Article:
If They Harden Not Their Hearts is an eleven minute portrayal of the apostasy of Thomas B. Marsh and Lyman Johnson, two of the first apostles called in this dispensation. Elder Johnson is depicted as having turned his heart too strongly toward the possibilities of profiting handsomely from land sales as converts gathered to Kirtland. Thomas B. Marsh is portrayed as conflicting with Joseph Smith over who had authority to send the Twelve on missions abroad.
Joseph Smith had set apart Heber C. Kimball and Orson Hyde for missions to England, and Thomas B. Marsh believed that to be his task. On July 23, 1837, the day that the gospel was first preached in England, Marsh sits across a desk from Smith and receives Section 112 from the prophet’s mouth: “Verily I say unto you, there have been some few things in thine heart and with thee with which I, the Lord, was not well pleased. Exalt not yourselves; rebel not against my servant Joseph; for verily I say unto you, I am with him, and my hand shall be over him; and the keys which I have given unto him shall not be taken from him.” Narration informs us that “President Marsh accepted the Lord’s counsel and labored diligently to reconcile the differences in the quorum. Still he struggled with his own pride and hardened his heart.” Marsh goes to the door of Vilate Kimball to inform her that her husband’s mission, having been undertaken without his direction, will fail. The narrator summarizes “Pride led President Marsh to apostasize.”
Next, Marsh’s return to the saints of Sept. 6, 1857 is re-enacted. His use of his own life as a lesson for the church begins “If there should be any among this people who would apostasize and do as I have done, prepare your backs for a good whipping,” and continues with his relief to be restored to the church. In order to end on a down note, however, the production tracks back to Lyman Johnson addressing the Quorum of the Twelve in Nauvoo, wishing that he could still believe as he once did and walk with them and enjoy the joy and gladness that once was his, but he can’t. The production closes with his lament “I have never since seen a happy moment.”
If a student you know studied the Doctrine and Covenants in seminary this year, this is probably what she learned about Thomas B. Marsh. Never a drop of milk nor anything dealing with Elizabeth Marsh is seen or mentioned.
If They Harden Not Their Hearts is included in the Home and Family Collection three disk set titled Church History. (catalog link) Several older productions, such as The First Vision (1976) and an abridged Windows of Heaven (1963) are included in the twenty-nine pieces. A personal favorite LDS Leaders Past and Present (1948) has been retitled as LDS Leaders from the Past and its organ prelude was removed.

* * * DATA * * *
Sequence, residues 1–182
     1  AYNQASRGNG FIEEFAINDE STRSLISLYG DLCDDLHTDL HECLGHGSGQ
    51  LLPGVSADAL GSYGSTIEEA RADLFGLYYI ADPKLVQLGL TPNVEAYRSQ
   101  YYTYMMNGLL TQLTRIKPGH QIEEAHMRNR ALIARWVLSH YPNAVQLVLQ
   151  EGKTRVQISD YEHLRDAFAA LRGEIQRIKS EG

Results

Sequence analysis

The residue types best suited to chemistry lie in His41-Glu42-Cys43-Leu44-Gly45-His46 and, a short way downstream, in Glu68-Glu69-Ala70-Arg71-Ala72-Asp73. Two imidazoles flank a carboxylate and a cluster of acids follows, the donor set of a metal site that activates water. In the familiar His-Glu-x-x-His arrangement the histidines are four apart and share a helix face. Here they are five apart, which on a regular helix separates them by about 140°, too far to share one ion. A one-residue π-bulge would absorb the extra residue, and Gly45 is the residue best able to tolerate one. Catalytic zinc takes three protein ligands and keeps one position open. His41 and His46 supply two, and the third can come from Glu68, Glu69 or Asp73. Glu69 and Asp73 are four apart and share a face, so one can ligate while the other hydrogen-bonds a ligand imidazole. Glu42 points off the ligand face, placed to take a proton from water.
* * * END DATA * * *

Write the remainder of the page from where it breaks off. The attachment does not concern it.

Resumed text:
I think highly of the newer productions, such as If They Harden Not Their Hearts. I would guess that they were created seven years ago or so. They are well cast, acted, and produced. The actor doing Joseph Smith gives a plausible interpretation, and I’ve never seen a Brigham Young nearly as good. They pull off difficult concepts, such as Joseph delivering revelation, in a way that is believable for this believer. One that is magnificient is A Man Without Eloquence, with a bored, skeptical Brigham fiddling with a Book of Mormon while a missionary preaches to his family. Then Eliazer Miller, a new convert, shares a truly humble testimony. Brigham preaches from the pulpit three decades later, “It filled my system with light, and my soul with joy. The world, with all its wisdom and power, and with all the glory and gilded show of its kings or potentates, sinks into perfect insignificance, compared with the simple, unadorned testimony of the servant of God.” The actor performing those lines mingles grandeur and simplicity in a way that sinks home their meaning and truth expertly.
The “rough stone rolling” paradigm was at work in these productions with hair often strategically imperfect. The fact that there was a whole church of people surrounding Joseph Smith and working with him is conveyed better than it sometimes is, and the pieces are rich with historical details.
My favorite is The Heart and a Willing Mind about Heber C. Kimball’s calls to preach in England. The performances match Kimball’s words beautifully. Miserably overwhelmed by the first call, “The idea of being appointed to such an important mission was almost more than I could bear up under.” But he becomes buoyed up by the belief that Heavenly Father will sustain him and his family.
As they leave for Kimball’s second mission to England, he and Brigham Young are shown lying sick in the back of a wagon pulling away from home. “This is pretty tough, isn’t it; let’s rise up and give them a cheer.” They arise and swing their hats over their heads. “Hurrah! Hurrah! Hurrah for Israel!”
Hurrah for Israel.